ORLANDO, Fla. – The Florida Department of Health announced the state’s surgeon general expanded vaccine eligibility to non-residents providing goods and services in the state.
And with this expansion, many Central Florida counties are shifting game plans to vaccinate people in the community who want it.
Orange County officials announced earlier this week they would move toward sending mobile vaccination clinics directly into neighborhoods in an effort to ramp up inoculations. As more people get vaccinated, health officials with the county are saying many residents are overdue on their second shots, with up to 40,000 people skipping out on their second dose.
“Please complete your series,” Dr. Raul Pino with the Florida Department of Health in Orange County said. “Although you acquire some level of protection when you have just one dose, we are not sure how long that will last, or how high. Your best chances to get full immunity, it is by having your second dose of Moderna or Pfizer.”
A new form in Orange County will allow businesses and members of the community to apply and have crews bring a mobile COVID-19 unit to them, arriving at a time when first doses are wrapping up at the Orange County Convention Center.
“The key is to make it as convenient as possible for people so that they do not have to travel long distances to be able to get access. We now know that when we make it convenient for them, and it’s right on their street, perhaps right in their households, they will take the opportunity to do so,” Orange County Mayor Jerry Demings said.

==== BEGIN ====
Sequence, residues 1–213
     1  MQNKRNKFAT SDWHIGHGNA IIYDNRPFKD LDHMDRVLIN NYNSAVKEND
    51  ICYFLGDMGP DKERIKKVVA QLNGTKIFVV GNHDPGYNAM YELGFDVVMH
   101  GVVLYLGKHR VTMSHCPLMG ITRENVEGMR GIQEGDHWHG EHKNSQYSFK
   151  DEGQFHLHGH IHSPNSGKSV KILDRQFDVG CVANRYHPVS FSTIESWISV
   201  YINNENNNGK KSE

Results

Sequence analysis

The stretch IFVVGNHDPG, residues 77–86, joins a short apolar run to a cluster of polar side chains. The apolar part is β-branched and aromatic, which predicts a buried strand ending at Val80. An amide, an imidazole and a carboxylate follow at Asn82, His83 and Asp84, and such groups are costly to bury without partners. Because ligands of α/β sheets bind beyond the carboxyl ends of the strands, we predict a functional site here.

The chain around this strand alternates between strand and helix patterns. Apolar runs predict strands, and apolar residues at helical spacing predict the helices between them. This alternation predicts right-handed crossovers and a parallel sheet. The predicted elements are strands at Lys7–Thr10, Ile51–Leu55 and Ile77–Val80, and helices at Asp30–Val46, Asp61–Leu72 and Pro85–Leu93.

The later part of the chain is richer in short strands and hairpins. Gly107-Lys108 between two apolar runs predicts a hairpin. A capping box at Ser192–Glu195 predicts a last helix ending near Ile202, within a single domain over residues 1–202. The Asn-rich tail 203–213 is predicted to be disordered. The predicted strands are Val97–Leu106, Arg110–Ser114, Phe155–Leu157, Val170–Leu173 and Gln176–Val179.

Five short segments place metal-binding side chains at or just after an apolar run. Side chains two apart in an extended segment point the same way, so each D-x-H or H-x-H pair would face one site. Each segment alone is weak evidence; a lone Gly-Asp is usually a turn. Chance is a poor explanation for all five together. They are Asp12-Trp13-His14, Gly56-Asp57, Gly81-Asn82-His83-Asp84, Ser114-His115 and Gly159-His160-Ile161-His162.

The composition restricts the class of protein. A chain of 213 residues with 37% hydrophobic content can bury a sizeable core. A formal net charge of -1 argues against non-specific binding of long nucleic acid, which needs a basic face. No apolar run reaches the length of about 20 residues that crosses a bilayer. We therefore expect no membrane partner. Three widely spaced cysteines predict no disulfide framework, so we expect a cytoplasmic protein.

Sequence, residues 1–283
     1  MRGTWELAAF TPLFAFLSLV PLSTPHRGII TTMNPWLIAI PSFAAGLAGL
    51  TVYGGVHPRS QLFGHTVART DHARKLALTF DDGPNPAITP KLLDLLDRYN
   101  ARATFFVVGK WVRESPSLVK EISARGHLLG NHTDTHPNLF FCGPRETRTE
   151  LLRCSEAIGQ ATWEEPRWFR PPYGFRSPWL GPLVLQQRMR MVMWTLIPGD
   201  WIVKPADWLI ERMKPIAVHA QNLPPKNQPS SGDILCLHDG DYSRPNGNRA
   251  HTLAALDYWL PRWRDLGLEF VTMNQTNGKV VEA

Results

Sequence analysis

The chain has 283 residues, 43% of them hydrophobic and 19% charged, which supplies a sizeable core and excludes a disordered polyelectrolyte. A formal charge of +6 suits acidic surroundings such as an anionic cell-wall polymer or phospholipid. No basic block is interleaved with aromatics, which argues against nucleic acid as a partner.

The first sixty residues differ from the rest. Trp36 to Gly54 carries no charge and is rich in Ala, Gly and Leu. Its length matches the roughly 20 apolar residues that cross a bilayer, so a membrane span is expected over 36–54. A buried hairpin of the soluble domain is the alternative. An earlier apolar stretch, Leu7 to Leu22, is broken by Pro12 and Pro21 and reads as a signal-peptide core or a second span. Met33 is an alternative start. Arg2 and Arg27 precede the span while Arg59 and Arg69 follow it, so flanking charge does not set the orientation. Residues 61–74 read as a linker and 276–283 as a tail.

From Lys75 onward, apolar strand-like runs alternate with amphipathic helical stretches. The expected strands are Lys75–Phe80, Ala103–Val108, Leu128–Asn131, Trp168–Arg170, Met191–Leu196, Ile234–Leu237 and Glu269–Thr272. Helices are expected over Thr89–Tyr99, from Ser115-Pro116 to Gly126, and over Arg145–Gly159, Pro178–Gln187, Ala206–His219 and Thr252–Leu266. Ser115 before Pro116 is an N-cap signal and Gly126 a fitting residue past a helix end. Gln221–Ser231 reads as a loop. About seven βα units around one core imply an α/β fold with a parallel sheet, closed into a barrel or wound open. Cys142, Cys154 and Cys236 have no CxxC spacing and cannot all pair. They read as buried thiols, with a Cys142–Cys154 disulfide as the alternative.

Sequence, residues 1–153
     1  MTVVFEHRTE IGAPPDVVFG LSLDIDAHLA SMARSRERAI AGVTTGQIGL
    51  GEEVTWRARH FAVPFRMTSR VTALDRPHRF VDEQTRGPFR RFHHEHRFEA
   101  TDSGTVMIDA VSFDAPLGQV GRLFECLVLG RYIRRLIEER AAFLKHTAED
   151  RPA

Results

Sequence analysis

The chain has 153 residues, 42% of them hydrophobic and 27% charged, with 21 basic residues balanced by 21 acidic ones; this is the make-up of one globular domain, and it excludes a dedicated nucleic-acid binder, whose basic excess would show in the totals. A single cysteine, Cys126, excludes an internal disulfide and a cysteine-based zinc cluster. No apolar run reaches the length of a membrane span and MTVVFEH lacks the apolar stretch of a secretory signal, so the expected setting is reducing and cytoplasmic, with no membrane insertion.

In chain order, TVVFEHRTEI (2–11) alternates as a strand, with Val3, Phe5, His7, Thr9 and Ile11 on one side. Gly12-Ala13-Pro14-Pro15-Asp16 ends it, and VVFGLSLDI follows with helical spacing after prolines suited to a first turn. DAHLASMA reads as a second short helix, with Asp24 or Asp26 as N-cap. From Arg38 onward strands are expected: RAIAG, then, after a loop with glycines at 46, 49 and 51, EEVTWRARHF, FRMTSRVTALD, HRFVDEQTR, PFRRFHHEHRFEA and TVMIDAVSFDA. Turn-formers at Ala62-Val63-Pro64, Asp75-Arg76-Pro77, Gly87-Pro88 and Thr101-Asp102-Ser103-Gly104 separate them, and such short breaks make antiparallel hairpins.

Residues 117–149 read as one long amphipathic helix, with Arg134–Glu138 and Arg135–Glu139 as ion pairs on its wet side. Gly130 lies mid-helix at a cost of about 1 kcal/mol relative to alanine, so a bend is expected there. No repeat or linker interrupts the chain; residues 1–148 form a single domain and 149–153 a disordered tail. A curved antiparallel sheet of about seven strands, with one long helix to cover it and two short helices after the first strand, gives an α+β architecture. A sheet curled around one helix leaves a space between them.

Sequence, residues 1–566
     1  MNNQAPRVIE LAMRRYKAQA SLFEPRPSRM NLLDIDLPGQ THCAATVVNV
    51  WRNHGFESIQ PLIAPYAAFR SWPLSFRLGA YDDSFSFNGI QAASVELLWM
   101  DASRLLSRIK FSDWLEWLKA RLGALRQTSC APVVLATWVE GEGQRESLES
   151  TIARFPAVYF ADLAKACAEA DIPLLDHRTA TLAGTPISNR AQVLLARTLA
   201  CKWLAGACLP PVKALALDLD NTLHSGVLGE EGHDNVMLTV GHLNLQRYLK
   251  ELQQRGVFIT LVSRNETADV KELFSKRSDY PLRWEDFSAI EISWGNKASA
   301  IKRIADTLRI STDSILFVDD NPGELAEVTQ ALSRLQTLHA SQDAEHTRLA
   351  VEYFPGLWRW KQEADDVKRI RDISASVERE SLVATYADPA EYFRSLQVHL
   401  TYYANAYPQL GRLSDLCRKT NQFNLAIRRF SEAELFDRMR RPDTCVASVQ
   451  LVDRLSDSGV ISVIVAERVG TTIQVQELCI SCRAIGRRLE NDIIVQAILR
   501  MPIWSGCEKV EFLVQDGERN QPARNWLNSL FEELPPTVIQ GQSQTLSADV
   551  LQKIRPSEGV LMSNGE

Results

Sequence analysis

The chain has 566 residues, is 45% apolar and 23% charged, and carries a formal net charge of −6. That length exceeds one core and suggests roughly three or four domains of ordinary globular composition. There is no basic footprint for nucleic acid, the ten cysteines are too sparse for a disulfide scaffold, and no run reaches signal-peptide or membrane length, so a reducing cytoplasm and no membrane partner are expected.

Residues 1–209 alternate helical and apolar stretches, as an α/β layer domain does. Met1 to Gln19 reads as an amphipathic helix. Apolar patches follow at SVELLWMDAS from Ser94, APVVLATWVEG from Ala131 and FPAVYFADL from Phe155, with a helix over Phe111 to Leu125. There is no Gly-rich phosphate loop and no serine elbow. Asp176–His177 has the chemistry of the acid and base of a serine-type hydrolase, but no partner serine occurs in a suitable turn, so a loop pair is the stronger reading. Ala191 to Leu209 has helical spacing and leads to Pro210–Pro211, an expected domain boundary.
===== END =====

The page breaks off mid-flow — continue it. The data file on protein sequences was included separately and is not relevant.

Pfizer and BioNTech submitted a request Friday to the European Union’s drug agency for approval of their vaccines to be extended to children between 12 and 15 years old. The companies said their submission for approval is based on a study “in more than 2,000 adolescents that showed their vaccine to be safe and effective,” according to the Associated Press.
[READ YESTERDAY’S REPORT: Florida reports 5,700 new COVID-19 cases as CDC says cruises in US could soon resume ]
Find the state-run COVID-19 dashboard below:
Below is a breakdown of Florida COVID-19 data reported by the state on April 30.
The Florida Department of Health reported 5,311 new cases on Friday, bringing the state’s overall total to 2,233,518 cases since the virus was first detected on March 1, 2020.
Florida reported 81 new virus-related deaths Friday, bringing the death toll to 35,858. This number includes the 697 non-residents who died in Florida.
As of Friday afternoon, there were currently 3,156 people with the virus hospitalized in Florida, according to the state Agency for Health Care Administration.
Since last March, 90,489 people have been hospitalized in Florida after complications from COVID-19. That number includes the 227 new patients who have been recently hospitalized due to the virus, according to the health department’s daily report released on Friday.
The percent of positive results was 5.66% Thursday out of 93,888 tests. The numbers reported daily by the state reflect test results from the day prior. Health officials say the rate should remain between 5% and 10% to prove a community has a hold of the virus and is curbing infections.
The Florida Department of Health began releasing a daily report in December 2020 on COVID-19 vaccines administered throughout the state.
FDOH reports 6,183,101 people are fully vaccinated against COVID-19. These individuals either received the single-dose Johnson & Johnson vaccine or completed a two-shot series.
As of Friday, 8,808,680 people have received at least one dose of a coronavirus vaccine.
Below is the Central Florida region breakdown of new cases, deaths and hospitalizations for Friday.
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